Tuesday, 9 June 2009

The Everyday Philosophies of an English Housewife

For the past three days I've been stuck, numb-bummed, on the sofa watching Cbeebies with a poorly five year old. Wrapped in blankets, snuggling up, commenting on Mr Maker and Big Cook, Little Cook. I've enjoyed myself, not just because now she's growing up my baby rarely wants to snuggle with mummy and watch the telly, but because it has given me a bit of an excuse to de-busy and catch up with some reading. My husband laughs at my proclivity towards popular philosophy, asking if I've got the Beano stuffed between the pages of Consolations of Philosophy or (his personal favourite) "won't that hurt your brain, Pooh Bear?" However, I'm of a philosophical nature, which doesn't make me one of the world's great thinkers, but does mean I am inclined to be interested in the human condition, and indeed does mean that I'm inclined to stare into space deep in thought over the minutiae of every day life. Needless to say, my mother calls me "dolly daydream."
For years now I've been trying to get to grips with a personal philosophy of the home: the home's function, both on an individual level, a familial level and a societal level: and it seems to me that a philosophy of the home would be a many stranded affair, encompassing ideas on psychology, child psychology, sociology, politics, practicality and faith. And, for me, this philosophy would be a matter of deep, personal conviction. It also seems to me to be a large, long-term task, one in which I must live and learn. I feel very unsure about making sweeping, public proclamations about what constitutes a good home, as one thing I do know is that home is as finely nuanced and individual as the people who contribute to it, but I do think I have some reasonably well-formed ideas, and I'd like to share them with you, as I hope a discussion with my readers will help me clarify my thoughts and could help any younger people out in the ether who need to get to grips with the intricacies of the occupation which will take up most of their time: homemaking.
I feel slightly like George Eliot's Edward Casaubon when I talk like this, the poor man from Middlemarch whose life's work, A Key to all Mythologies, was an impossible attempt at Christian syncretism, a failed epic and a disappointment. However, my task is less grandiose and complex, and I hope not to be doing it alone. So over the next few weeks I shall be posting on home philosophies and I do hope that you will join in. Until then, anon, gentle reader!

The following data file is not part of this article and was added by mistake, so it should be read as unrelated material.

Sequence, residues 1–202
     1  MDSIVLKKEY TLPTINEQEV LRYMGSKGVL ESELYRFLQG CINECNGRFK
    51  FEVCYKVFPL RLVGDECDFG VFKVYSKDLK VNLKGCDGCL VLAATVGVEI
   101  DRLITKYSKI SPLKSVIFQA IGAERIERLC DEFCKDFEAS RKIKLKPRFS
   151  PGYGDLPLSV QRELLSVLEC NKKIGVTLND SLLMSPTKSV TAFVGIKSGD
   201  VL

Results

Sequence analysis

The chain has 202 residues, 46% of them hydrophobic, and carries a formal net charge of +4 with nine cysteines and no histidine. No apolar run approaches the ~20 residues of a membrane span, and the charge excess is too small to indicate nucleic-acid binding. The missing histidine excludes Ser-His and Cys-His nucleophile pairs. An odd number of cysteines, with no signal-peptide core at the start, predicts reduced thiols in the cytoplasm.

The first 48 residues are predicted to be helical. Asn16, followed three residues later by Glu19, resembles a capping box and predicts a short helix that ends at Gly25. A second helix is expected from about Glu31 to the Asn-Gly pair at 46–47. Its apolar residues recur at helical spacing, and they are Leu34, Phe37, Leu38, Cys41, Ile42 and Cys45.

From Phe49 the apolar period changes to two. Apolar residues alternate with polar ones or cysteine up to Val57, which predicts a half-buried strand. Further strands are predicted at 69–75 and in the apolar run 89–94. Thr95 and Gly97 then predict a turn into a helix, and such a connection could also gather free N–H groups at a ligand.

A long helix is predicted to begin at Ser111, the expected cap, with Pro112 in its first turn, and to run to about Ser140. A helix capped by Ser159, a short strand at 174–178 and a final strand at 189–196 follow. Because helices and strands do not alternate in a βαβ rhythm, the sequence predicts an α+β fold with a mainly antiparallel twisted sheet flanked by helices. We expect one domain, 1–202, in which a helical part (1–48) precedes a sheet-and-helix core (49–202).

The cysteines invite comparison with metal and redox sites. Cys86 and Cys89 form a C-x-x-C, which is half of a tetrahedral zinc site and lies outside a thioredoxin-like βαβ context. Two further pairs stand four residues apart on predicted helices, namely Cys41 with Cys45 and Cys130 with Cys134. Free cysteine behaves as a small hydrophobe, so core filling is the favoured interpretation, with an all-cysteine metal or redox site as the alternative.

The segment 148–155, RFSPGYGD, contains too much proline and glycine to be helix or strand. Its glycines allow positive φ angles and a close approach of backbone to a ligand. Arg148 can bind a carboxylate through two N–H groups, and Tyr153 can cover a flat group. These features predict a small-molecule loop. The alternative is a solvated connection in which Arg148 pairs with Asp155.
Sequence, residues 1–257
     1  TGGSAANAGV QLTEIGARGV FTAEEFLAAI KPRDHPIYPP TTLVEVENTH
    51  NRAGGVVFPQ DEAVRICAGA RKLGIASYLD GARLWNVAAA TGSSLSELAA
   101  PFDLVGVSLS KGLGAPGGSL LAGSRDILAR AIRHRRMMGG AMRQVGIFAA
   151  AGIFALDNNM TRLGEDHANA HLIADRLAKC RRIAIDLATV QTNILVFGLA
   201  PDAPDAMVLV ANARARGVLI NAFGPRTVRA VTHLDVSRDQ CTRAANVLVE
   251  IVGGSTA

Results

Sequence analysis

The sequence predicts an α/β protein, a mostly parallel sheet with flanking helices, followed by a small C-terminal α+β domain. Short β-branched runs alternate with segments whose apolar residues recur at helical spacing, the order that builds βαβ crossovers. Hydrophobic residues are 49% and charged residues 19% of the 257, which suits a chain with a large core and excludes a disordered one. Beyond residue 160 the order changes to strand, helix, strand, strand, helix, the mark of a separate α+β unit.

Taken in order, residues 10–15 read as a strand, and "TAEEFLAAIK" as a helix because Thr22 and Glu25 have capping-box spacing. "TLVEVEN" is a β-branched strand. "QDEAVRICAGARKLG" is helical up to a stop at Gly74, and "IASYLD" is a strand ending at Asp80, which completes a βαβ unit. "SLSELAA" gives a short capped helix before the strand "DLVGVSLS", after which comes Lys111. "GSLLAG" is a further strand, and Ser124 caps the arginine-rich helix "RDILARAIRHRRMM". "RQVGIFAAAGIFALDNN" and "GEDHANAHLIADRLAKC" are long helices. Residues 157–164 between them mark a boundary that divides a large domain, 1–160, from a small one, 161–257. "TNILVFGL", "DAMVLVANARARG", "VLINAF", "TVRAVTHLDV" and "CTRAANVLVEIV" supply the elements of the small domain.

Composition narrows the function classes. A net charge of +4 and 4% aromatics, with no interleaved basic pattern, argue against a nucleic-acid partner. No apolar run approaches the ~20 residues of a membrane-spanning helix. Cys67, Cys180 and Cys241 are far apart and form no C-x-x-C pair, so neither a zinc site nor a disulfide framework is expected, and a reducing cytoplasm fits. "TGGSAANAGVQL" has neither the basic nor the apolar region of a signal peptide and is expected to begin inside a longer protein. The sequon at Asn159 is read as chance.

~~louise~~ said...

Ever since my return trip from Idaho, I too have been reflecting. Looking forward to your future posts.

Left-Handed Housewife said...

Let the philosophizing begin! Finding a unified theory of the domestic field as long been a dream of mine, too.

Enjoy your snuggling in the meantime!

Angela said...

Trouble is, whenever I try to Get Profound, the doorbell goes, the milk boils over, or there is some other domestic disaster...

Enjoy being a Numb-Bummed-Mum tho!

Anonymous said...

Sounds interesting dear DD. Looking forward to your thinks.

Linda said...

I'm looking forward to your philosophical posts. I think that in these times when the family is under such assault it is a good thing to think about a philosophy of the home and what makes a good home. It's a big topic and there is plenty of room for thoughts.

Gumbo Lily said...

I always love reading you, whatever you have to say. I haven't heard Mama Cass sing in a long while so I enjoyed singing "sweet dream" along with her this morning.


Rowan said...

It will be interesting to read your thoughts on this especially as I am at a stage where I'm looking back on the family at home stage of my life. I have swum against the tide ever since I was married in 1972 having stayed at home and cared for my children and home my entire married life. It's something I've never regretted doing either though there hardly any other women who took my path in those days.

Dulce Domum said...

Hi Louise
Ahh, it must something in the air, if we're both in a reflecting mood.

Hi Frances
"A unified theory of the doemstic field". I like that phrase so much I think I will steal it.

Hi Angela
Yes, Getting Profound does often coincide with the myriad of domestic disasters which seem to plague this house.

Hi Sarah
My thinks are brewing and I shall soon spout forth.

Hi Linda
Yes, I think there are many social changes afoot, and I also think how we view the home may be going through a process of development. We live in interesting times.

Hi Jody
You are an absolute darling! I love Mama Cass, poor, talented, lady that she was.

Hi Rowan
I'd really like you, and any other older woman, (and I mean that in the best possible sense) to contribute to the discussion. Do you feel that you have reaped the rewards of going against the tide?